2012: Friday Walks, Harvest

Yes, it’s September. In England the children are back at school (After a summer holidays spent entirely in their wellies), and so obviously the sun has now shone gloriously and constantly for five days. And it’s harvest time too.

So on the way to this week’s walk we call in on Plot 44, Sarah and Gemma’s allotment, to pick up our gardening gloves. Today we’re going foraging.

And while we’re there the harvest in the polytunnel needs watering. Peppers and aubergines.

But we’re soon over on the Wirral, in a place where we last walked at the end of June, the marshland between Neston and Burton Point.

We park up by the Harp Inn. Fairly tempted to go in and stay there. It’s fiercely hot.

The marsh, which was so green the last time we were here, has gone all wooly looking, full of seed heads.

Passing the idyllic seat on Denhall Quay that looks out where the river used to run, and the ships would come to collect the coal from Neston Colliery, which was here until 1928.

How it looked here in 1875. Painting by Arthur Suker.

But what’s this, are they mining again?

Out on the marsh – ‘Dig & Shift’ it says on the side.

Channels are being dug. I think we can take it this is some kind of marshland management, not mining.

So we walk on, but soon our known safe path across the marsh is interrupted.

There’s no way we can jump across that!

It’s one of the new channels. And with the marsh still so full of summer growth we can’t find a safe way around it. Maybe in the winter we will. But for now it’s back to where we started.

The path along the edge of the marsh.

Teasels taller than me basking in the heat.

And we’d forgotten this about marshlands on hot days. There’s no shade. So our expectations of peacefully harvesting the marshside hedgerows don’t look like being realised. It’s too hot for any work.

So we manage to find a tiny bit of shade and have our lunch.

Then we look for the promised foragable harvest.

Hawthorn berries for haw jelly. These are pretty tasteless.

Rosehips for syrup or jelly. Not quite ready these.

Blackberries for hedgerow jam. Again, not many really ripe here.

We do find lots of ripe sloe, if we fancied making gin. But we don’t. And anyway it’s still too hot out on the open marsh front.

But when we turn up the hill to Ness, there is shade – and there is harvest.

Blackberries to be reached up to…

Only a few are ripe though. And though it’s spiky work it’s also delicate. So the gardening gloves stay in our bags.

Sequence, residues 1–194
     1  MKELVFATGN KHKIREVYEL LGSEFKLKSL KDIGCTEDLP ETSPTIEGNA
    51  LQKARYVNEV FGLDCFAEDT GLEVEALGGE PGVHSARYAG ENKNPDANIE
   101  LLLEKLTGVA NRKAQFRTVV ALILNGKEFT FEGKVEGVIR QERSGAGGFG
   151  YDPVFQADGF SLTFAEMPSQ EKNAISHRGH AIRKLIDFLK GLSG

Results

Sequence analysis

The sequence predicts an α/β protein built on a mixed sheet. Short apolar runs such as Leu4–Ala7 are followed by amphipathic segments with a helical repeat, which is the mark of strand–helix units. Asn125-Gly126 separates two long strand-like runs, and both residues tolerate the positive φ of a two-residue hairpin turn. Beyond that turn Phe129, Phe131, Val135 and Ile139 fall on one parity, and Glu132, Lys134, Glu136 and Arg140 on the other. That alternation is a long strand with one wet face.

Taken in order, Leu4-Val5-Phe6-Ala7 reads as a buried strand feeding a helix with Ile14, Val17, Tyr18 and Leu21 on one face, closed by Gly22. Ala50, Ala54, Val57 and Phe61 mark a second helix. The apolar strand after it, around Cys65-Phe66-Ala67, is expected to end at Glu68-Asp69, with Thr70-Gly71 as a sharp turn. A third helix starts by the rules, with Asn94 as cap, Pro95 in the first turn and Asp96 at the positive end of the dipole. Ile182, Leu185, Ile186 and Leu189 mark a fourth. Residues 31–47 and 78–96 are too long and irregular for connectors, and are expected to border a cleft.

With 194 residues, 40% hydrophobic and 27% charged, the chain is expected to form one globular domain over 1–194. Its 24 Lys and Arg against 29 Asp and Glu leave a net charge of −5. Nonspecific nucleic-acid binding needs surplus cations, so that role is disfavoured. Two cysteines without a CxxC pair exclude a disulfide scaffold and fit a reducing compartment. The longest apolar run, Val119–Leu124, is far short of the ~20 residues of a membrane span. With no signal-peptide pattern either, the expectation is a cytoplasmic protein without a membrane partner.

And soon a decent harvest of blackberries and rosehips is foraged.

Time to find some cool shade. So we turn into Ness.

And the tired harvester lies down.

And looks up at the late summer sky.

And then we look around at the late summer magnificence. The wild flower meadow…

The lily pond. The one Monet didn’t paint…

And the late summer border. Just showing off!

But, truth to tell, Sarah is exhausted. By the day’s heat, but also because she’s been out running with me the last two days and is consequently knackered.

So she sleeps in the shade.

And I complete the walk on my own.

Down to the marsh side, to pick up the car and go back to Ness for Sarah.

Back home with our harvest.

And Sarah, wide awake at seven this evening. Cooking blackberries and Plot 44 apples for hedgerow jam. And Plot 44 onions for onion marmalade.

Another precious Friday of doing just what we liked. And if this week’s walk had a soundtrack? Well, there’s the obvious Neil Young one. But actually we listened to Jackson Browne’s ‘Late for the sky’, from the same sort of time, going and coming home.

5 thoughts on “2012: Friday Walks, Harvest

  1. Mandy

    Oh to pick some blackberries – they are noxious weeds here and none grow wild.Sometimes there is a very expensive punnet at the supermarket or a frozen selection. But not the same at all!. How I love to see those pictures of the marshlands – I’m glad the coal mine has gone..Beautiful…

    Reply
    1. Ronnie Hughes Post author

      Hi Mandy, yes it was a particularly nasty coal mine, apparently. The shafts went out under the river and some were so narrow only children could get along them to mine the coal and drag it back to the surface. Odd to think we can now have such a peaceful day in a place where such cruelty once took place.

      Glad you love the pictures and the blackberries.

      Reply
      1. Ronnie Hughes Post author

        Mandy, I’m also reminded that the first time we walked by the old Neston Colliery, in January, your Rachel commented on the children working there:

        “Another fascinating post here. I just love old ruins and finding out the history behind them. I also long for the days when small children were put to work in coal mines, rather than lying around the house watching Teletubbies and whining for their sippie cups.”

        How we laughed!

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